Daily Archives: Thursday, June 12, 2014

  • It Happened Here Kevin Brownlow, Andrew Mollo (UK 1965)

    It Happened Here
    Kevin Brownlow, Andrew Mollo (UK 1965) Pauline Murray

    Viewed: VHS 1st June 2014

    1943 and another proposition…

    Brownlow and Mollo’s movie puts foreword a proposition about human behaviour that resembles in some critical aspects Solzhenitsyn’s A Day in the Life of Ivan Denisovitch, published some 3 years earlier in 1962. Both fictive works explore the proposition of the unheroic accommodating aspect of human nature in particular circumstances: both works draw on a structure that highlights the ordinary as opposed to the extraordinary, the unheroic as opposed to the heroic.

    Like A Day in the Life of Ivan Denisovitch, It Happened Here is an extraordinary work both in the projection of its proposition and ideas, and in its expressive delivery.

    The performance of Pauline Murray (the eponymous Pauline) lies like a jewel at the heart of the movie. In her persona she carries the concept of defeat and occupation like a cross up her own personal Golgotha. Like the Tube Shelter sketches made by Henry Moore during the Blitz, her physicality emanates a commonality of form not a subjectivity: and her face is lined and fixed with the universal marks of the grinding demands of living through hardship. It is an extraordinary presence, or rather unpresence, on screen from an actress, born in 1922, who will have known the reality of those times.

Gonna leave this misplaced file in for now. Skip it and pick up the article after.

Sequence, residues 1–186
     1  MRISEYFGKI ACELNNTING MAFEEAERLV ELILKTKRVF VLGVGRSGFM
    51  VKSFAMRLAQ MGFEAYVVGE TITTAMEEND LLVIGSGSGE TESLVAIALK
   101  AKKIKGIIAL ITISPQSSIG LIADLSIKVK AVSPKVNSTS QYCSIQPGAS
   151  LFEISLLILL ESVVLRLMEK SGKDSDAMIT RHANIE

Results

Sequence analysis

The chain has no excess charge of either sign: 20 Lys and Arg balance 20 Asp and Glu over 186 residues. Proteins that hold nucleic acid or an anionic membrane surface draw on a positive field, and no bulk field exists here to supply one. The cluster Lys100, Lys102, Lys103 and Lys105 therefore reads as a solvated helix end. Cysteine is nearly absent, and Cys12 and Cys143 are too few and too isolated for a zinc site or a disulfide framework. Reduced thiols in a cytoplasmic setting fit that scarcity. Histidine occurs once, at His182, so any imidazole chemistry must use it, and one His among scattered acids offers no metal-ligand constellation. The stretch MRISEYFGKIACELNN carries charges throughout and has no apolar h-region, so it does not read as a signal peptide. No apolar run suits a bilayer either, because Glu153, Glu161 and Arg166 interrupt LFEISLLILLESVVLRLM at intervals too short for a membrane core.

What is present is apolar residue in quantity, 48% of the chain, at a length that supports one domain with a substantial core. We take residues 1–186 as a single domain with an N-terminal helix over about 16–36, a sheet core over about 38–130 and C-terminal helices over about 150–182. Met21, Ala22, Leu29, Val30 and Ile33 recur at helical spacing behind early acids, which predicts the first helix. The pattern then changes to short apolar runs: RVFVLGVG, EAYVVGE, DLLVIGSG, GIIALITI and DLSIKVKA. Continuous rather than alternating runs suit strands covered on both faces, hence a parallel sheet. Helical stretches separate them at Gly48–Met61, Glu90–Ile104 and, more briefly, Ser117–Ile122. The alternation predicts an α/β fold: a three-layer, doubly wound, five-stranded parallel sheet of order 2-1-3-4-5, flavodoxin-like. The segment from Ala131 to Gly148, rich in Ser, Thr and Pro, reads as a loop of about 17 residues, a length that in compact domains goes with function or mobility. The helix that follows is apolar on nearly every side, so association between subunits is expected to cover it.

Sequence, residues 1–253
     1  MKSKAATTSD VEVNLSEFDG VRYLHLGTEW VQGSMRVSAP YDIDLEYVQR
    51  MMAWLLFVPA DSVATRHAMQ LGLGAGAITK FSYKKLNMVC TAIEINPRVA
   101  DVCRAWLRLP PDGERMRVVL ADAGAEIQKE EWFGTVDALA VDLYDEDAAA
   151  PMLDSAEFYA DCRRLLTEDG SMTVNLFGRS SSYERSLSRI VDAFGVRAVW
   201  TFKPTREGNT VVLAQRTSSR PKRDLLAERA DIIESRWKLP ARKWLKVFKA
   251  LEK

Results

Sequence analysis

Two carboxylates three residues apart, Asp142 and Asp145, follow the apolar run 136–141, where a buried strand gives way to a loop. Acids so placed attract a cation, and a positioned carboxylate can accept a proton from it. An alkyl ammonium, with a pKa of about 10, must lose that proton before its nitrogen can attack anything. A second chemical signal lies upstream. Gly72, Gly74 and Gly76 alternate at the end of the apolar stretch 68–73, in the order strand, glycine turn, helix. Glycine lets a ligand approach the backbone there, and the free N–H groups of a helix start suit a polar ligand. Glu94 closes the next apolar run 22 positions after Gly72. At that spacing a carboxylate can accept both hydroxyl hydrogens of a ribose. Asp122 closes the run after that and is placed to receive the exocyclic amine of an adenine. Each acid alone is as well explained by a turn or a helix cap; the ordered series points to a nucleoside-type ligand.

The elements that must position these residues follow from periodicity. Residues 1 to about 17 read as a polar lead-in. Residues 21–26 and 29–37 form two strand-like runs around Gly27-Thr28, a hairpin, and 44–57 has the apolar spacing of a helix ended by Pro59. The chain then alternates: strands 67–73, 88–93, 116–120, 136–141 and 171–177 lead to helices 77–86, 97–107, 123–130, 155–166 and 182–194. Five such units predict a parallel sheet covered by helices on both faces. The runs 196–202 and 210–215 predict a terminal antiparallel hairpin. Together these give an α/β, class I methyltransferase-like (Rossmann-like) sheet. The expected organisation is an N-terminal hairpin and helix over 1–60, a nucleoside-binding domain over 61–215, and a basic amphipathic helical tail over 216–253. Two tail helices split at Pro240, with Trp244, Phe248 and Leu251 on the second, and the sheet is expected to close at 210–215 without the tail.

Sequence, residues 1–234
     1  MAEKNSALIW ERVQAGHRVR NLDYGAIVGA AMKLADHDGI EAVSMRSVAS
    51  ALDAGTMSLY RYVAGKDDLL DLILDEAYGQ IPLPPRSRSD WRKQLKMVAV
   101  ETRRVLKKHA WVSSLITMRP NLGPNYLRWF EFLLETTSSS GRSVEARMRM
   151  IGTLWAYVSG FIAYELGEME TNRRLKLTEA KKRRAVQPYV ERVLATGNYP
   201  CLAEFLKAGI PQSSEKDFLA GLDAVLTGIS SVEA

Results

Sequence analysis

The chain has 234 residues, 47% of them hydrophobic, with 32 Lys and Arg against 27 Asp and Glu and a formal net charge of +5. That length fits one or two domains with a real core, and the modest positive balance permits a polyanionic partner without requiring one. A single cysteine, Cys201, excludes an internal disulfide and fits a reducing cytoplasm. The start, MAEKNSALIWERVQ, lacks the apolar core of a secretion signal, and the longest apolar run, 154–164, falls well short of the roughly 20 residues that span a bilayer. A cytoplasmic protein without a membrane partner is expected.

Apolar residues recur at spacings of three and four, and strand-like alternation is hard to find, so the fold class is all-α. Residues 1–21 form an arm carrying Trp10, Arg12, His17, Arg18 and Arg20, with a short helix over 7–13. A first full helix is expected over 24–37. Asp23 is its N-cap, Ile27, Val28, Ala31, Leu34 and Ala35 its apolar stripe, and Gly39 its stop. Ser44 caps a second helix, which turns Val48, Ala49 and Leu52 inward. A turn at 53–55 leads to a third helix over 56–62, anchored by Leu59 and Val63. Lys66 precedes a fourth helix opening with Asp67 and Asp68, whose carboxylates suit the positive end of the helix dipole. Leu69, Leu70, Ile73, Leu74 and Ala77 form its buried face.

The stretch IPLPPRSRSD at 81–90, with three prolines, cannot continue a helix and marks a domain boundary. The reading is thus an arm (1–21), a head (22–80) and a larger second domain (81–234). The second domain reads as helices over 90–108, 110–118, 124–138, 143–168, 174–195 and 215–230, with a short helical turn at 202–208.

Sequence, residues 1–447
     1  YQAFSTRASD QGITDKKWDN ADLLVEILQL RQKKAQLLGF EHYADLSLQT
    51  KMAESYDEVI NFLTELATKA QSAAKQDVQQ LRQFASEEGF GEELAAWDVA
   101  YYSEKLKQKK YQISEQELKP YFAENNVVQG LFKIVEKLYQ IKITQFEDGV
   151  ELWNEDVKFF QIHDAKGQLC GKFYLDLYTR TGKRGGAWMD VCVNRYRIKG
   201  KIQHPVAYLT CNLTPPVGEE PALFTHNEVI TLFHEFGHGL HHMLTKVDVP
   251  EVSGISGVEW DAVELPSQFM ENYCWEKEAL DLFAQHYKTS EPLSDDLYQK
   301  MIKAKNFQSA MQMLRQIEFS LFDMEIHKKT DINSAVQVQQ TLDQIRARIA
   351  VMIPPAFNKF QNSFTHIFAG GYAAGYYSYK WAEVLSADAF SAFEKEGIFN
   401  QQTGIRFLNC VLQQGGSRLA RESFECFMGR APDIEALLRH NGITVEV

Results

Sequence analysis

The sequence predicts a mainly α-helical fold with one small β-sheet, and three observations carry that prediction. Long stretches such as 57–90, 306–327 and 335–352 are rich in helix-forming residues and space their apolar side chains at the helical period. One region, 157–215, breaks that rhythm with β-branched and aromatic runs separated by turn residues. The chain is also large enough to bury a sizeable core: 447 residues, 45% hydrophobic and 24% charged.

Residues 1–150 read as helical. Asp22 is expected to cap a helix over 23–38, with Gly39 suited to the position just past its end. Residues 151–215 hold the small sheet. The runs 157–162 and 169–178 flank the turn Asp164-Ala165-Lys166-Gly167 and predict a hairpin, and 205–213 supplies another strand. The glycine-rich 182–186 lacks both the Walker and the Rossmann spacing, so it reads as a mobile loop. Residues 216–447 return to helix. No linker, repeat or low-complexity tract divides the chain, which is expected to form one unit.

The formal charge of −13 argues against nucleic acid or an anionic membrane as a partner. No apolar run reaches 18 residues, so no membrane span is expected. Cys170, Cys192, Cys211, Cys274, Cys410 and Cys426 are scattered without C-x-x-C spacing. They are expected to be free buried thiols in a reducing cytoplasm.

And I was also reminded of the film footage from the second world war, and seeing the faces of Jewish women herded out of the Warsaw Ghetto onto trucks on the journey that will take them to Auschwitz. Witnessing this silent film watching these Jewesses deprived of their life and their voice, I feel a terrible sense of loss. I have no words just tears just a breathing out. I stand and watch an obscene disaster, each face I glimpse has had their fate decided Before destiny there is only silence.

    Of course Pauline can’t in actuality be compared to the Jewish women. I am certainly not saying this, but it was a similar kind of silence that defined my response to Pauline. Pauline’s role, albeit in a different context, is articulated by the same forces that made up that line of Jewish women, beaten dog harried and forced to scramble up onto the tail gate of a truck. Pauline’s response to her situation is pushed and moulded by similar imperatives: fear and self survival. And in Pauline’s situation survival seems best assured by doing what you are told to do, keeping your head down and avoiding at all costs being noticed. He role is that of the passive collaborator. We forget: often it seems there is no other choice.

    Pauline’s context in terms of Brownlow and Mollo’s script is that she is an Arian . As a nurse if she conforms and joins the party she has the right to work and so the right to live. But this right to live is provisional. Pauline, like the Jews (from whom she averts her gaze), also has the right to die if she does not agree to collaborate with the Nazis. Which collaboration though, also marks her out for retribution from the Resistance. And it is on this edge that she lives. Her fear and shrunken battered psyche are all emblematically imprinted upon her and Pauline Murray plays her newsreel role without fuss without resistance as if she had been a face in the crowd all her life.

    And we are silent before her.

    And this silence is partly engendered by the filmic quality of the movie, offering as it does to the eye images which recreate the look and dynamic of the 1940’s black and white newsreel. This surely is Kevin Brownlow’s achievement, already in his early 20’s a student of newsreel form and able to use this knowledge to produce the replication of news and documentary footage that is a virtual product of the era: a phenomenological gloss on events denied but easily imagined that with character and location seem to step out of the period’s 35mm Pathe reels and reconnect us with the intentions and textures of those days.